Exercise Pitch Black 2022: A Showcase For MRTT Tanking
Over a period of one week, more than 10 air forces descended upon the north Australian city of Darwin for the Southern Hemisphere’s largest aerial exercise, Pitch Black. Because of COVID-19, the last such event was in 2018, and much has changed over the last four years.
- Platform is enabling nations to operate with allies
- European countries are finally able to project power into the Indo-Pacific
In that time, the Taliban reclaimed Afghanistan, Russia invaded Ukraine, and China fired missiles over Taiwan. In light of these security concerns, countries including Germany, Japan and South Korea are joining multilateral exercises in the Asia Pacific region to test their ability to project power and operate alongside allied nations.
A key enabler of military missions over far-flung countries at this exercise was the Airbus A330 Multi-Role Tanker Transport (MRTT). Australia, France, Germany, Singapore, South Korea and the UK brought the MRTT to the exercise, many for the first time since it had been delivered.
France and Germany had deployed ships in the region in the last few years, but the MRTT allowed them to bring aircraft as well. The German Air Force’s Rapid Pacific exercise aimed to send six Eurofighter Typhoons to Singapore within 24 hr. Three MRTTs from the Multinational MRTT Fleet (MMF) deployed from Eindhoven enabled the Germans to reach their time target, even though the flagship Eurofighter was stuck in Abu Dhabi due to technical issues.
The MMF fleet technically only required two MRTTs for the six fighters but threw in a spare tanker, as initial calculations expected fuel status to be “tight.” The backup was not used during the Abu Dhabi-Singapore flight.
German Air Force Lt. Col. Marcel Nowak, MMF detachment commander, said the two-year-old unit is taking small steps during this deployment to reach initial operational capability. It will aim to achieve certification with Australia’s Lockheed Martin F-35As and Boeing Super Hornets. Only the German Typhoons are allowed to tank with the MMF MRTT at this time.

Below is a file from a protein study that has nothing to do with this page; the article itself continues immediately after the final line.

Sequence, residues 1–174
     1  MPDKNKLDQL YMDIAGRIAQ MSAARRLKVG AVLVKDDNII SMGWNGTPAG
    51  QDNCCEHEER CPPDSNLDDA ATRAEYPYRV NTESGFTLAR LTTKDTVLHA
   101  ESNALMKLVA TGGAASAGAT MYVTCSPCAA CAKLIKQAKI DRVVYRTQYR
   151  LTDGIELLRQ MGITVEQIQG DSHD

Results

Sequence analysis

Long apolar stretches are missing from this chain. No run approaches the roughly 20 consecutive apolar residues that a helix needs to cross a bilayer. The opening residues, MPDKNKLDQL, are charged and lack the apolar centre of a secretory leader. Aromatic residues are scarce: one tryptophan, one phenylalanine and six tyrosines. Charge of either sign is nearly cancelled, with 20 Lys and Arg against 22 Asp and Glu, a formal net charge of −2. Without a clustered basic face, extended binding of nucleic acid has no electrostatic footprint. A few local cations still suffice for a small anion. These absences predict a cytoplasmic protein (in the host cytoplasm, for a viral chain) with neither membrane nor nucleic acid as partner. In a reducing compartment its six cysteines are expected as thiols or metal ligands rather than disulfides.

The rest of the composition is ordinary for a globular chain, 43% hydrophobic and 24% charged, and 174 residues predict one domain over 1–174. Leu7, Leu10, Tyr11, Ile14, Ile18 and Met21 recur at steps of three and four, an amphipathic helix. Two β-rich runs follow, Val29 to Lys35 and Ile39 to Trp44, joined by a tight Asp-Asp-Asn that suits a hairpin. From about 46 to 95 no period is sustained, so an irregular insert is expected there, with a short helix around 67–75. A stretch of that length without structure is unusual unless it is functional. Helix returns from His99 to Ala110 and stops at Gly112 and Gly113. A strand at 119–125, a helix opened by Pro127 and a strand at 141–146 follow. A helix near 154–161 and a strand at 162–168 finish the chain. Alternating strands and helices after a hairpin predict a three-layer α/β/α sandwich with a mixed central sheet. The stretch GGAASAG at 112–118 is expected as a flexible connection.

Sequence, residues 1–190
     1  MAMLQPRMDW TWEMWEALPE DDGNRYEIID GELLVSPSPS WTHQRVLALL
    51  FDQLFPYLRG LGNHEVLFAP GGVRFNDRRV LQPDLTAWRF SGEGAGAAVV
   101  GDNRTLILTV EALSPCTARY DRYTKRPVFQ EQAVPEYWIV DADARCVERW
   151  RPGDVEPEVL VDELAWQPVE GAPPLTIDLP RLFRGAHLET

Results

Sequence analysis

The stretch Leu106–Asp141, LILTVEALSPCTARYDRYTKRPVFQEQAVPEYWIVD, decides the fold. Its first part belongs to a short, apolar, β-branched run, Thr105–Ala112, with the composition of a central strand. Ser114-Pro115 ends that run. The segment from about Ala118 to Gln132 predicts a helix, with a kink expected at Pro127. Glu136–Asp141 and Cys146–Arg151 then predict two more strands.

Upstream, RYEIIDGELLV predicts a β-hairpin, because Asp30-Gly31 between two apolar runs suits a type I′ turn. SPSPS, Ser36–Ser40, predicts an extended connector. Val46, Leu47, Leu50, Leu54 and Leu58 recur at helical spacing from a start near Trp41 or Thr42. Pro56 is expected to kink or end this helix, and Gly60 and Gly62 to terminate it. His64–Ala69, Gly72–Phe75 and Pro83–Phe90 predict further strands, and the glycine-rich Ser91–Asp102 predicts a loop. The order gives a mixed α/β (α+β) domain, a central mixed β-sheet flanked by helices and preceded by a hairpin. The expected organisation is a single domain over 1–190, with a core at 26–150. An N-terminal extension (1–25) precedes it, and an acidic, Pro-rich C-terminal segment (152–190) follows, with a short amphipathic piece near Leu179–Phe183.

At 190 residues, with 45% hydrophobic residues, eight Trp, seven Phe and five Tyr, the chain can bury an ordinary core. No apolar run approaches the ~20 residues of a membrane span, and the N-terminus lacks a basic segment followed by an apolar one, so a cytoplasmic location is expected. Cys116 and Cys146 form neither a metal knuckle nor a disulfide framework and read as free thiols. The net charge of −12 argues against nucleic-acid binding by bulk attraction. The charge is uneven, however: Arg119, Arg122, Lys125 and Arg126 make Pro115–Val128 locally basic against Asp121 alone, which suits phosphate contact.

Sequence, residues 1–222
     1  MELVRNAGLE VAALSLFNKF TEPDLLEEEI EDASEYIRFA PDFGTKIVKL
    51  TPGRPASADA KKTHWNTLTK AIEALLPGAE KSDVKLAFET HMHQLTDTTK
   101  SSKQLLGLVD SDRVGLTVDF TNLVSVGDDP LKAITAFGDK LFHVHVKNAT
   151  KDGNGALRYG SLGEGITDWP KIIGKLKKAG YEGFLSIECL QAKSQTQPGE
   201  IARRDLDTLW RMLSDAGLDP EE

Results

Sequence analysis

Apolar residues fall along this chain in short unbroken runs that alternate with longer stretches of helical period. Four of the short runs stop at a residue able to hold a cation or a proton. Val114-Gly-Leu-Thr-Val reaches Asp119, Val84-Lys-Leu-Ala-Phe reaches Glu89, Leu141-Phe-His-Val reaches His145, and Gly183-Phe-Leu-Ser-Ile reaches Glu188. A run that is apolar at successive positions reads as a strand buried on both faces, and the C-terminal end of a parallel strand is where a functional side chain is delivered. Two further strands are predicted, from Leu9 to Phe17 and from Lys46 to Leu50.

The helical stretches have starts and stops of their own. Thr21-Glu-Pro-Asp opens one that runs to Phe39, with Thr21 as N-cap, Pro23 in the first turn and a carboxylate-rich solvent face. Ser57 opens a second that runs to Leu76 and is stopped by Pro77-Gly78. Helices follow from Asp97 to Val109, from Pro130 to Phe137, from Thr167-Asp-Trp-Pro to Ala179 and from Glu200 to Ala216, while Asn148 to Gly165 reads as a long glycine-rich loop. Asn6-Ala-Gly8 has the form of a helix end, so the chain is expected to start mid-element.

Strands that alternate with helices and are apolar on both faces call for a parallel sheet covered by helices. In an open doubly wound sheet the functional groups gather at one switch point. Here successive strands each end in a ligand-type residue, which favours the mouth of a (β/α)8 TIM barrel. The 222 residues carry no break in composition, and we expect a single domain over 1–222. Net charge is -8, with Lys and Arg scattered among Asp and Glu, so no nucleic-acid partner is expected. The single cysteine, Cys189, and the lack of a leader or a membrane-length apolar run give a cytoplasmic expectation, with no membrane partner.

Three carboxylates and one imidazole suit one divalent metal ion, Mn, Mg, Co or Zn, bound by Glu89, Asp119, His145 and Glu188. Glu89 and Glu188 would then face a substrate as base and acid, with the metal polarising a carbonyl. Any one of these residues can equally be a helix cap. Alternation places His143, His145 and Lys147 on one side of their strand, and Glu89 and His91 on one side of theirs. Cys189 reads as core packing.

France, with two MRTTs, brought three Dassault Rafale and two Airbus A400M aircraft to its Pacific territory of New Caledonia in 72 hr., in a region that has been a focus since China reached a security pact with the Solomon Islands this year. The French aircraft reached Darwin in 32 hr., and New Caledonia within the allotted 72 hr.
French Air and Space Force (FASF) Maj. Gen. Stephane Groen, air chief of staff of the air defense and air operations command, says the MRTT has allowed the FASF to become more global. The detachment used the MRTT satellite communications capability to get real-time clearance from headquarters in France to “fire” its Scalp missiles against a simulated target in New Caledonia in an exercise, Groen says. He did not discount the possibility of conducting a similar deployment with other European MRTT operators under the EU flag.
Enhanced tanking capabilities have given these air forces the ability to deploy to an area of potential conflict with minimal hops, either due to lack of diplomatic access or the unavailability of an airfield.
MRTTs at the Pitch Black exercise allowed for asset sharing among nations: A Royal Air Force Voyager tanked a U.S. Marine Corps F-35B, while a French one passed fuel to Indian Sukhoi Su-30s and Australian Boeing EA-18G Growlers.
Although recently accepting delivery of its new air-to-air refueling (A3R) MRTT, Singapore brought its non-A3R aircraft to the exercise to focus on integration with F-35s. The Republic of Singapore Air Force (RSAF) used its boom and underwing pods to refuel Australian F-35s and U.S. F-35Bs.
RSAF air refueling operator 2nd Sgt. Lim Li Jun says 112 Sqdn. started simulating F-35 tanking training during the lead up to Pitch Black. She says the F-35 is easier to refuel from the boom, as it is “bulkier” and more stable when coming in for the boom.
Marine Corps F-35B pilot Capt. Anneliese Satz says the process was “smooth, with good contact and fuel flow.”
An RSAF MRTT pilot, Maj. Michelle Teo, says the Pitch Black “tanker cell” would assign the receivers during the missions based on a compatibility matrix and certification. Singapore took on more tanking duties due to its larger pools of approved receivers and also flew both day and night waves. The RSAF also carried out tanker-to-tanker refueling with Australian MRTTs, known locally as KC-30s.
Operators say interoperability with receiver types is transparent since aircraft types are similar. In fact, paperwork presents a greater hurdle to multinational cross-tanking, they say.